By Tina Comeau
At 29 years of age, and after four years of trying to get pregnant, Wedgeport resident Lynette Foster was trying to find out why she and her husband Jason were experiencing trouble in having a baby.
What she wasn’t expecting to find out at the time was that she had stage 2 ovarian cancer.
She had surgery to remove the cancer. Eight months later she became pregnant.
But then eight months after the couple’s daughter was born, Foster’s cancer was back.
“It was a few months after that that I ended up with a full hysterectomy to make sure nothing came back,” she says.
Before being diagnosed, Foster didn’t know a lot about ovarian cancer. And she worries that other women don’t either. This is why she is organizing an Ovarian Cancer Walk of Hope in Yarmouth on Saturday, Sept. 8. The event will begin and end at Coronation Park (the Milton ball field). Registration is at 1 p.m. and the walk is at 2 p.m.
Pledge forms for the upcoming Ovarian Cancer Walk of Hope can be found online on the Ovarian Cancer Canada Walk of Hope website page. Foster has also started up a Facebook page about the event that can be found by searching Ovarian Cancer Canada Walk of Hope Yarmouth. People can also contact Foster or her husband at 663-2969 or send an email to email@example.com.
Walkers have a choice of doing a 2.5-kilometre walk or a five-kilometre walk. The money raised from the event will go towards research and trying to find more accurate tests to diagnosis ovarian cancer, says Foster. According to Ovarian Cancer Canada, failure to find the disease in its early stages is often partly due to the lack of sensitive detection tests and women being unaware of, or ignoring, the warning symptoms.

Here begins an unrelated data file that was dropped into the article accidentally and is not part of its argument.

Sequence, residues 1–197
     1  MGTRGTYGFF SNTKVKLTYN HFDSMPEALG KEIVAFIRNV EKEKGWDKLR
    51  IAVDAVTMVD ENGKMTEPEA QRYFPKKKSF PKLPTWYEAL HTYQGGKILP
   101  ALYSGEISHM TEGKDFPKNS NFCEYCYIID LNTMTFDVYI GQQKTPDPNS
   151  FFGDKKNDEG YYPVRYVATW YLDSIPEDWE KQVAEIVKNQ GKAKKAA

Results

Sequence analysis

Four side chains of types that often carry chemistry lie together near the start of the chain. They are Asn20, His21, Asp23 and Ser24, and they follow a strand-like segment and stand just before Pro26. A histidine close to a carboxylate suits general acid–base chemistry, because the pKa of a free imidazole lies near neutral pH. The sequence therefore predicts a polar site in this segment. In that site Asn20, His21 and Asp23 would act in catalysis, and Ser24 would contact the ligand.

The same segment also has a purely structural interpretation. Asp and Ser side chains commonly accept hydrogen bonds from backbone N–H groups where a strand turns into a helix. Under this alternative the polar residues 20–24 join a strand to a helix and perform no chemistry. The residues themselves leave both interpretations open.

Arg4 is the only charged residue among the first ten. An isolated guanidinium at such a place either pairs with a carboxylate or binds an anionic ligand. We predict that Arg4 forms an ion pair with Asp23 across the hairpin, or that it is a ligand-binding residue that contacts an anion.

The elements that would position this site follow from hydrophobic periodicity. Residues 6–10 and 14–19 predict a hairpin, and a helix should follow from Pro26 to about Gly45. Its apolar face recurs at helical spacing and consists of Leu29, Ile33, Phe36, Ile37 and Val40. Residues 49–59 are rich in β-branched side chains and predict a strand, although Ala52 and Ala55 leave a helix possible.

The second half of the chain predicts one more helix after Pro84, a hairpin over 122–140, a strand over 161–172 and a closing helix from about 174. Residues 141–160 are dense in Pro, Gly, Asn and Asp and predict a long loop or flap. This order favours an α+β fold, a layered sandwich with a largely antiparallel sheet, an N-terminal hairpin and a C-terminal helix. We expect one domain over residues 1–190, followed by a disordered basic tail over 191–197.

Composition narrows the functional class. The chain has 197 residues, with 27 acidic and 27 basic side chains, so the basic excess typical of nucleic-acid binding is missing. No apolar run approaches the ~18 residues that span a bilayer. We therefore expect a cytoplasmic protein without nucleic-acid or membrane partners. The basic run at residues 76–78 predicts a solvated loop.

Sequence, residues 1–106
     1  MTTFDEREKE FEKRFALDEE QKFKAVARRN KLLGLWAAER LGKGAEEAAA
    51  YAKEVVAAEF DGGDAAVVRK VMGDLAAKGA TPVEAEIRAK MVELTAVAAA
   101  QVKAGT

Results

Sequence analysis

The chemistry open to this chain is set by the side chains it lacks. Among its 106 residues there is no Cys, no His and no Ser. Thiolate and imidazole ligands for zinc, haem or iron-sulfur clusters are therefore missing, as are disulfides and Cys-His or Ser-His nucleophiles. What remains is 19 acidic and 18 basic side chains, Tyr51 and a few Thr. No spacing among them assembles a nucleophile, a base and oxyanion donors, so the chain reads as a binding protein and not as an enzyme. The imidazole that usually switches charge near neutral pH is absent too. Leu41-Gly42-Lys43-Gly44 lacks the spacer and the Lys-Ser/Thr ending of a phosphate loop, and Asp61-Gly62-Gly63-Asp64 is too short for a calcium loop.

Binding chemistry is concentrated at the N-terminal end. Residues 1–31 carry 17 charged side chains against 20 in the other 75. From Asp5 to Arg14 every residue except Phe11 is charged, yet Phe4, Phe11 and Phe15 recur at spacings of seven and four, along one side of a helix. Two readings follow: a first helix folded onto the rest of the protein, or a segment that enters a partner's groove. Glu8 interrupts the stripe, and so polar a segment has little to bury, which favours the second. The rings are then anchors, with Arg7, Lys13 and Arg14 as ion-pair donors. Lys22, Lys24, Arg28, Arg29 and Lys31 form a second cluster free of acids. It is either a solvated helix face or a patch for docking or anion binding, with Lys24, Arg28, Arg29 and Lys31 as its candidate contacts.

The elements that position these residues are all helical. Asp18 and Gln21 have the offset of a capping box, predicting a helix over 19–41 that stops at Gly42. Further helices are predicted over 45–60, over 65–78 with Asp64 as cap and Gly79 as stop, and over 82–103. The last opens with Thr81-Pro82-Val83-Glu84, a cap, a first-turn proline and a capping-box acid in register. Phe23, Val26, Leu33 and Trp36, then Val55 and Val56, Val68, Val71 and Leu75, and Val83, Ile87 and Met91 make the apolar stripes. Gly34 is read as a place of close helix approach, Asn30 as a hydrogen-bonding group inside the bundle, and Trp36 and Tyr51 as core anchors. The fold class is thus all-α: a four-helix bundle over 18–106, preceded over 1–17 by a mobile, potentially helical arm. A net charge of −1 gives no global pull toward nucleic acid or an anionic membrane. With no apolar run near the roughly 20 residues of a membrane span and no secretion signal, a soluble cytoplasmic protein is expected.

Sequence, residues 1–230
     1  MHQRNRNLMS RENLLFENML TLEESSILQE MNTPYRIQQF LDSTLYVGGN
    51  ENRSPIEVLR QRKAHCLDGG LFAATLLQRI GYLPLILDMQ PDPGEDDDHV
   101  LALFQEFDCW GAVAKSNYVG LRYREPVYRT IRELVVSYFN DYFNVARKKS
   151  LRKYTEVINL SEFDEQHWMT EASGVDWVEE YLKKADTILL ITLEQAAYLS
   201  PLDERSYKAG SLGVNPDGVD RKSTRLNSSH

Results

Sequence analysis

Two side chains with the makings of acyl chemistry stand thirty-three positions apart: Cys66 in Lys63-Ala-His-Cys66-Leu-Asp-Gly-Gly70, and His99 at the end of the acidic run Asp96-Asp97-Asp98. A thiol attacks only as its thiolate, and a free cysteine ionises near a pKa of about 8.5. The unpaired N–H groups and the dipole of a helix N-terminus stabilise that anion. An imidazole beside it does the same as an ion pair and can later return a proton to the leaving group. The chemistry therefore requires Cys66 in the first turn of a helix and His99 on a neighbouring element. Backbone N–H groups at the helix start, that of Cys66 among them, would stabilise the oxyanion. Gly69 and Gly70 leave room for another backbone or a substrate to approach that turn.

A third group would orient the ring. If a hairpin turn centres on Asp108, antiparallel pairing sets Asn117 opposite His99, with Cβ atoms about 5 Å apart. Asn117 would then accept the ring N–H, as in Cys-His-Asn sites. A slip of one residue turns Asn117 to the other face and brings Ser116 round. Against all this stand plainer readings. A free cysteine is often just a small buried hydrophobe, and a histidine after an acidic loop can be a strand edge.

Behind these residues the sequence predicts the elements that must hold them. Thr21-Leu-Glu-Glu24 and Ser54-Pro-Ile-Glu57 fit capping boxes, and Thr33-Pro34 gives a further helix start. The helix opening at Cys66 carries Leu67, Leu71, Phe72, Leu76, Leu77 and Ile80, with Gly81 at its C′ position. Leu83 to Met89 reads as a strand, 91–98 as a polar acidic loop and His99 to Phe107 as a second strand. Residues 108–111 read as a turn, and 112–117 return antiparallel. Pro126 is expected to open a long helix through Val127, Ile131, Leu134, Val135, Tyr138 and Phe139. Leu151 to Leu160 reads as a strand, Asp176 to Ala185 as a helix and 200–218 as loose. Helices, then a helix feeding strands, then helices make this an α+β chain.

Although on the contrary, just because you have the symptoms it does not mean you have ovarian cancer.
On its website Ovarian Cancer Canada says that ovarian cancer is the most serious of all gynecological cancers. Over 2,600 Canadian women are diagnosed every year; and every year 1,750 women succumb to this disease. Symptoms are varied, vague and easily missed. There is no screening test to detect it, but when found early – and treated – the ovarian cancer survival rate is 90 per cent.
Ovarian Cancer Canada says common warning symptoms include:
• Swelling or bloating of the abdomen
• Pelvic discomfort or heaviness
• Back or abdominal pain
• Gas, nausea, indigestion
• Change in bowel habits
• Emptying your bladder frequently
• Menstrual irregularities
• Weight loss or weight gain
Other symptoms can include a mass or "lump" in your pelvis that you can feel, the inability to eat normally, pain with intercourse and vaginal bleeding
If you have one or more of these symptoms and these symptoms persist for three weeks or longer, you are advised to see your health practitioner.
For the past three years Foster has been talking part of the Ovarian Cancer Walk of Hope that is held annually in Halifax.
“I just want to bring knowledge and awareness to Yarmouth,” she says.
Foster says she is fortunate that her cancer was detected early on. She hopes other woman are as fortunate as she was.
“The symptoms are so uncommon amongst women because people go through these symptoms on a daily basis. For some women it’s their normal symptoms,” she says. “But if they persist for two to three weeks at a time there is a chance something could be wrong and they should get it checked out.”